North Carolina is one of the only states in the U.S. that qualifies "alienation of affection" as a tort, meaning it is considered a civil wrongdoing. If you're considering filing for divorce or believe you've been alienated from your spouse or partner's affection, you may be wondering what steps you should take to rectify the issue - well, look no further.
To schedule a consultation with our team for your alienation of affection case, contact us online or via phone at (704) 659-0007.
What Is Alienation of Affection?
Alienation of affection essentially means that a third party caused another person legally engaged in a marriage to withhold love and affection from their spouse.
If you believe your spouse withheld love and affection due to a third party, you can sue that third party for alienation of affection. Alienation of affection is considered civil litigation similar to a personal injury claim.
To successfully claim alienation of affection, you must be able to prove that:
- You and your spouse had a legal marriage that involved genuine love and affection at one point;
- The third party you are suing is responsible for causing your spouse to withhold love and affection from you;
- You can prove a lack of love and affection from your spouse that was not present before the alienation took place;
- The alienation occurred before you and your spouse separated; and
- The alienation caused you emotional or physical distress, requiring compensation from the third party.
Alienation of affection lawsuits are common in cases where one spouse had an extra-marital affair that led to the breakdown of the marriage, or when a spouse believes their partner was manipulated by a third party into alienating their affection and ending the marriage.
Proving Alienation of Affection
Let's explore some of the key elements in proving alienation of affection.
Firstly, the party filing the alienation of affection claim must be able to prove that they shared genuine love and affection with their spouse in a legal marriage prior to the alienation.
Some aspects of proving this, such as having a valid marriage license, are self-explanatory. However, proving genuine love and affection can be more difficult. Memorabilia such as happy family photos or videos may be sufficient. Texts or emails displaying genuine love may also suffice, although you should consult your lawyer to determine what evidence you can gather, and in what ways, without violating privacy laws. Witness testimony from individuals such as family and friends may also help support your case.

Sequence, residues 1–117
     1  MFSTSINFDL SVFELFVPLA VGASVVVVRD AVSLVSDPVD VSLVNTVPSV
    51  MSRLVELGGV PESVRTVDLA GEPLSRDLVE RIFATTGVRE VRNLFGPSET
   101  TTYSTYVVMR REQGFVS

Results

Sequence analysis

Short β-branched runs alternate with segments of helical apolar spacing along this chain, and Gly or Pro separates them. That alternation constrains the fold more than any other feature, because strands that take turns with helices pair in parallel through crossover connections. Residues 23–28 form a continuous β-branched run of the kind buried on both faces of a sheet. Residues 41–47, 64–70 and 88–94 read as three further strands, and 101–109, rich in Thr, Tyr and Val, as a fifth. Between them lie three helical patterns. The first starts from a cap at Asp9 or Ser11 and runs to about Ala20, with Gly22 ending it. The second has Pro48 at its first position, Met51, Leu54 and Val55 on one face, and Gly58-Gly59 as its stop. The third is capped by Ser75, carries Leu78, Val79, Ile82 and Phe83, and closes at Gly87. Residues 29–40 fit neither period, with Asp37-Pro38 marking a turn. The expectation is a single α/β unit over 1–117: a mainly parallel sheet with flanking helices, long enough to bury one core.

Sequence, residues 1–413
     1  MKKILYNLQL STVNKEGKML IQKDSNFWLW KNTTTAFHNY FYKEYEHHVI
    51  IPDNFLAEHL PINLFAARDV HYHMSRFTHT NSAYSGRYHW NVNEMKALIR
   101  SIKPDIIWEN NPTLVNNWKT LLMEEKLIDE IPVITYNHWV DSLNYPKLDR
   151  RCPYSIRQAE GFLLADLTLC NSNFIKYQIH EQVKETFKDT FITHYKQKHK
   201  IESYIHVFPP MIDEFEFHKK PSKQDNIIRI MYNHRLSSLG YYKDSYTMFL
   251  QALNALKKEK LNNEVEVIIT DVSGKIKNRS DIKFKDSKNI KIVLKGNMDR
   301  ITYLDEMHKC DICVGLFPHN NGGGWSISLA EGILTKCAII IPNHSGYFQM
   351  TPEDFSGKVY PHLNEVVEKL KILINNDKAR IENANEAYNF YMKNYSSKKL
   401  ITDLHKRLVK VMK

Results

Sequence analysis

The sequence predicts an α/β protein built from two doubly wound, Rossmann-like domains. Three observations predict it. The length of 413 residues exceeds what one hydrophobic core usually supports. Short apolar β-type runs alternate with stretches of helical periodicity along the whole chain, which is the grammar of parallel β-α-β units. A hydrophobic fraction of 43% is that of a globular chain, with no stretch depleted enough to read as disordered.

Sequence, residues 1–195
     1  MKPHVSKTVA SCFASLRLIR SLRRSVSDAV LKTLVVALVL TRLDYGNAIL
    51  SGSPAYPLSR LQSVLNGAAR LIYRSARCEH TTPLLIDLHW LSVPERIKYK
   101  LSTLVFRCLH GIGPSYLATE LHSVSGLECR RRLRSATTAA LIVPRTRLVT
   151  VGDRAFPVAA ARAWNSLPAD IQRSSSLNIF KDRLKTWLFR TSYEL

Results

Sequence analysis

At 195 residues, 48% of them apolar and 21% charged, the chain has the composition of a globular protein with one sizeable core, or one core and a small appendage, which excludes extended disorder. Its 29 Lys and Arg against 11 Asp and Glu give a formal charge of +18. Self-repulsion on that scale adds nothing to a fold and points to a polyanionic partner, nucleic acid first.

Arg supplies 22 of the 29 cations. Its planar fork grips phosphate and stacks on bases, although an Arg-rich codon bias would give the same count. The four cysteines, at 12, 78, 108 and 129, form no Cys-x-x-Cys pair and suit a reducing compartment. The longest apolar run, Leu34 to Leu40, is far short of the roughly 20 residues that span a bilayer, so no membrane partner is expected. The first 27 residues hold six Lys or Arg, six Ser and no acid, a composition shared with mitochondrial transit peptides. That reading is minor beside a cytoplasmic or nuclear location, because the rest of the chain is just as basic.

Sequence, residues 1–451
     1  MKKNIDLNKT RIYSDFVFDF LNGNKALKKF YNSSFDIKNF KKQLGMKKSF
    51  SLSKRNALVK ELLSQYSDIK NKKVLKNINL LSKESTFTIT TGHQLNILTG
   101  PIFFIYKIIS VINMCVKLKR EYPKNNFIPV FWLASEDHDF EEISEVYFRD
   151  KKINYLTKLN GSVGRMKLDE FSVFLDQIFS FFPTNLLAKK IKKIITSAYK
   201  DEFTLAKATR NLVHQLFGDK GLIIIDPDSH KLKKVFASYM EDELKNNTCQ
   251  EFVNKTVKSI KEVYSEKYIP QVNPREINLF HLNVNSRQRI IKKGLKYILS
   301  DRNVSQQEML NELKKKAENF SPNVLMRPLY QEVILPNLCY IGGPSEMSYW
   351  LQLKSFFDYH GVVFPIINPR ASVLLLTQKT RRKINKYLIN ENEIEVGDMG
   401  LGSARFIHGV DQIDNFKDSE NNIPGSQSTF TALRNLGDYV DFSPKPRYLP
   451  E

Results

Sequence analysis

Next, you'll need to prove that the third party you're suing is responsible for causing your spouse to alienate their affection from you. Phone calls, texts, or emails wherein the third party encourages your spouse to leave you could be crucial evidence, although once again, ensuring you don't violate privacy laws while collecting such evidence is vital. Other evidence of a relationship between the third party and your spouse, such as photos gathered by a private investigator or receipts showing the parties engaging in romantic outings, could help support your case. As with proving love and affection, witness testimony could also play a role here.
It's important to note a few things as you proceed with your case. Firstly, if your spouse moved in with another party directly after separating, it may not qualify as alienation of affection - however, it could be useful evidence to support allegations of adultery with the third party.
Secondly, if you agreed to an open marriage with your spouse, that agreement will likely prevent you from pursuing an alienation of affection case against your spouse.
Our attorneys can help you formulate an alienation of affection case that helps you obtain an equitable divorce from your spouse and gain the compensation you deserve from the third party responsible for derailing your marriage.
To schedule a consultation with our team, contact us online or via phone at (704) 659-0007.